You can’t take a break. That is one of the biggest realities of being a parent of an autistic child.
This is the last weekend of National Autism Awareness Month, and I can’t help but feel for parents facing autism head-on. It’s a 24-hour-a-day job, seven days a week.
There is no known cause or cure for autism. That would depress me, but in all my dealings with parents, I have been continually amazed by the love and determination I’ve witnessed.
I write a lot about children affected by autism and what their families have to go through every day. But I’m amazed at the strength of these parents.
I know they have doubts. Certainly they can break down. Not everyone faces autism with the same conviction and courage. Some might even give up – but in my experience, they are some of the strongest individuals I’ve ever met.
That inner strength is essential. One of the reasons I and many others write about and talk about autism so much is to raise awareness. People who are not as familiar with autism might see a child having a meltdown at the grocery store and think ‘Gosh, what a spoiled brat! Those parents need to get a grip.’
I’ve heard that particular tale many times. They are judged, when the fact is, these parents are almost helpless. But they push forward. That is real strength.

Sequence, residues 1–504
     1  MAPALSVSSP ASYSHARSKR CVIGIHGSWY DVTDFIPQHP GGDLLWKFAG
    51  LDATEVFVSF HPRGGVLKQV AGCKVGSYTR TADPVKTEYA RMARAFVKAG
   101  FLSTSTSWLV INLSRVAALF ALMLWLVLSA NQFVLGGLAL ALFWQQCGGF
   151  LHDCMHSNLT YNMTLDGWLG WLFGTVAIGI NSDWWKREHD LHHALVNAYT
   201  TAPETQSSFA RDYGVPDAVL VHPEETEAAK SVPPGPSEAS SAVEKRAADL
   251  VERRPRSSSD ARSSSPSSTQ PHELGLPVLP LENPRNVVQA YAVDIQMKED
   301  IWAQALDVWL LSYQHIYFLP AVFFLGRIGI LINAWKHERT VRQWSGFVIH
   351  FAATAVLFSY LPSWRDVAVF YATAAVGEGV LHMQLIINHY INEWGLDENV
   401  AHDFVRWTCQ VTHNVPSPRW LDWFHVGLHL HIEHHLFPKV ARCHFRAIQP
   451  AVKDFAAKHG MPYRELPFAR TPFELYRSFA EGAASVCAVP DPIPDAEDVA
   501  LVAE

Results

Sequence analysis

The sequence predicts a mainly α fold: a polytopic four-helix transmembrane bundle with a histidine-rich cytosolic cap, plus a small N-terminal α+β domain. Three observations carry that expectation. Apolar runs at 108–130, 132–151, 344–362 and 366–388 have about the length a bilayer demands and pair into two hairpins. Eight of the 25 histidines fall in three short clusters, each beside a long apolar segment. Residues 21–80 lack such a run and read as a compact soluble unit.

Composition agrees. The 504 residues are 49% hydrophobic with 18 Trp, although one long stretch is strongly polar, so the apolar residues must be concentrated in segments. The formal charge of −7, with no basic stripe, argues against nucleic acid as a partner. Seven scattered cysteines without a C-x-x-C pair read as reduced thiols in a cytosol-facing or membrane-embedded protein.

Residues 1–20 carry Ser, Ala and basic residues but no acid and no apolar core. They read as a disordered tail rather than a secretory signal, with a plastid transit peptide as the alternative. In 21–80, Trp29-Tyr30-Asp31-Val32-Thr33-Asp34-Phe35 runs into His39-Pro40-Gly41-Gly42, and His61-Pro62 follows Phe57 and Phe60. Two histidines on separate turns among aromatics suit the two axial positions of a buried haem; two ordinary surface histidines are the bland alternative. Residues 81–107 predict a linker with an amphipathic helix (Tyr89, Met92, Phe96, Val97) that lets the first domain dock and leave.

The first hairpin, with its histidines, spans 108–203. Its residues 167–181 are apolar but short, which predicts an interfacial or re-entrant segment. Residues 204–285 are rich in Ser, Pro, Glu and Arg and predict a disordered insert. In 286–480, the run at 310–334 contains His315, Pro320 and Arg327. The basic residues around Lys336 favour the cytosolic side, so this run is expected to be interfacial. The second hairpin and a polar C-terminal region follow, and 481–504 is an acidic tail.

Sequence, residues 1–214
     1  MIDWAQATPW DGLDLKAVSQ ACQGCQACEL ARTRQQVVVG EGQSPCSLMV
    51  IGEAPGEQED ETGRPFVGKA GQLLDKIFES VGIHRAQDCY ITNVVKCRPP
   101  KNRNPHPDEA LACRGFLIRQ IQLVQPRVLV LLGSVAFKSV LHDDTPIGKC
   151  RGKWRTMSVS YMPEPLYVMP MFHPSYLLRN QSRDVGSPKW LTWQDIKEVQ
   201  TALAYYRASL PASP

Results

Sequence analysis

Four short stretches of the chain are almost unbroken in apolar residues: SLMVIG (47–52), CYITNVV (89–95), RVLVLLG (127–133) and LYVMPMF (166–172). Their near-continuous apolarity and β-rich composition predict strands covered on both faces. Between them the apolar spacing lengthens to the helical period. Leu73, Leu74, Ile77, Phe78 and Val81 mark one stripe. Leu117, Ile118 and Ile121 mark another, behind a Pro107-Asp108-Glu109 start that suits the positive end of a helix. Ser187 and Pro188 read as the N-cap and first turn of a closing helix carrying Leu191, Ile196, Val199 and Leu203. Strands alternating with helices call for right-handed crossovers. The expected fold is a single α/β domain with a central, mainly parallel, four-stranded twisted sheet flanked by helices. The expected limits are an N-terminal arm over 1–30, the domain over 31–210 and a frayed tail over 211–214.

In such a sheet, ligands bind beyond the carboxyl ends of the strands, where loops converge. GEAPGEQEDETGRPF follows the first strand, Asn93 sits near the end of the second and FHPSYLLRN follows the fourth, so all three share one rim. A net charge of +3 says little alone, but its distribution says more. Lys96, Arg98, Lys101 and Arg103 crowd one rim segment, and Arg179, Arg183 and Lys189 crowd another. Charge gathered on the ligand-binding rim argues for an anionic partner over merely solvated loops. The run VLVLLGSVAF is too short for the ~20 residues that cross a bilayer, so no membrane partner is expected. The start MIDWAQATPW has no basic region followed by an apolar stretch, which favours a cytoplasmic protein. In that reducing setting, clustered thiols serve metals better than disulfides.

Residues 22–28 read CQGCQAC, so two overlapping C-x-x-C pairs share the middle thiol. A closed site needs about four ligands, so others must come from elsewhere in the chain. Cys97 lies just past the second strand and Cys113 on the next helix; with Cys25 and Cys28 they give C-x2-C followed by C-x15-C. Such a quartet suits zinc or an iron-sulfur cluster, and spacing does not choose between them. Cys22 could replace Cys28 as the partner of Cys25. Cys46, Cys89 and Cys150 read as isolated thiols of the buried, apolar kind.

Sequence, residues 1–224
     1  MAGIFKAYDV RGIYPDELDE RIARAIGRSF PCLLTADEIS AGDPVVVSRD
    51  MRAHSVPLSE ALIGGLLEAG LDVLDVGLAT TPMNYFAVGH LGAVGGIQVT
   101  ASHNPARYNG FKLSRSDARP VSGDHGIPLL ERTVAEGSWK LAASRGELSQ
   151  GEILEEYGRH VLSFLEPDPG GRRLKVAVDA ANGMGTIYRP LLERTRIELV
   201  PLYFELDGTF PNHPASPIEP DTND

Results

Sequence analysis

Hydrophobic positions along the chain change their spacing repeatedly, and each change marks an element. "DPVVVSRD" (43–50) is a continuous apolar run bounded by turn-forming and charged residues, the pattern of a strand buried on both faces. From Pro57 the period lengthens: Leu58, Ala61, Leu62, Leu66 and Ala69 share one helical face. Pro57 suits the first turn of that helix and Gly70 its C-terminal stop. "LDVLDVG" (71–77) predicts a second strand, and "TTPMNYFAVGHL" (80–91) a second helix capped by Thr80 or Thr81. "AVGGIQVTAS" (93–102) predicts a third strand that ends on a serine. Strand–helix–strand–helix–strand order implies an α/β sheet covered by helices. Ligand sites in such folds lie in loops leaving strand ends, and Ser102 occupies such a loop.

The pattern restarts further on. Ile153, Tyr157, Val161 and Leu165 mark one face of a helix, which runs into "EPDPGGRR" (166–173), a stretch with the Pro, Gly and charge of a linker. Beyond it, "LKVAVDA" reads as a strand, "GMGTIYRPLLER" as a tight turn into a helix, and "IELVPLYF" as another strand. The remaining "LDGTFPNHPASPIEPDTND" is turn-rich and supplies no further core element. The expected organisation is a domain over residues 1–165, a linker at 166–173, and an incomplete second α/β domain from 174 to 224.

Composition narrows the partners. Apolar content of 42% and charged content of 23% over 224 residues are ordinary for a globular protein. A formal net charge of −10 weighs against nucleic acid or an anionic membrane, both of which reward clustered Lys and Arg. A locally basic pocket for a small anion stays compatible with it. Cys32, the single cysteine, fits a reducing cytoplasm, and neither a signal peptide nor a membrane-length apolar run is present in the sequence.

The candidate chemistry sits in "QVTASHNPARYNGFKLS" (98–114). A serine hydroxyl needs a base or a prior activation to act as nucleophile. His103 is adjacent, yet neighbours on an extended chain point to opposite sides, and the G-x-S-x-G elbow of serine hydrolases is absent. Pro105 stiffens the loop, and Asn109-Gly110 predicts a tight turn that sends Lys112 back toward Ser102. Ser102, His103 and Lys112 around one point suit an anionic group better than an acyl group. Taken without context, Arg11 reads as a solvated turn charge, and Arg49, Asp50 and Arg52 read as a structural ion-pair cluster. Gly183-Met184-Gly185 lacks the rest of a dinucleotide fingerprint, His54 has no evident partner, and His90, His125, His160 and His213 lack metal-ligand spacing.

They love their kids despite all the trouble. There are sweet childhood moments they will never get to enjoy – playing T-ball, winning a spelling bee, celebrating an honor roll or a track trophy.
I can’t imagine the weight on their shoulders.
Most parents hope their children will go to college, get a job and make lives of their own. Parents of autistic children face a different reality: many of those children will require care their entire lives.
But they bear that burden and take their joys where they can find them.
If you know of someone who has a child with autism, get to know them. Talk to them, and be neighbors. Chances are, you’ll be dealing with a remarkable person who will enrich your life.
To try and provide some information for parents of autistic children and the community, here are a few resources:
WISE COUNTY SPECIAL EDUCATION COOPERATIVE (WCSEC)
The Cooperative serves a total of six school districts in Wise County including Bridgeport ISD, Alvord ISD, Boyd ISD, Chico ISD, Paradise ISD and Slidell ISD.
ONLINE RESOURCES FOR NON-ENGLISH SPEAKING FAMILIES
FAMILIES FOR EFFECTIVE AUTISM TREATMENT OF NORTH TEXAS (FEAT OF NORTH TEXAS)
This Dallas and Tarrant County-based resource lists area autism support groups, information and events.
National organization that raises awareness and provides information to families.
Join the Dallas chapter on Facebook at www.facebook.com/AutismSpeaks.DFW
AUTISM TREATMENT CENTER
Provides services to children and adults with autism in the community.
CALLIER CENTER FOR COMMUNICATION DISORDERS
This is a research and treatment facility at UT Dallas that specializes in helping individuals with communication disorders such as autism.
This is a national group that strives to raise awareness and provide information about autism.
Jimmy Alford is a Messenger reporter.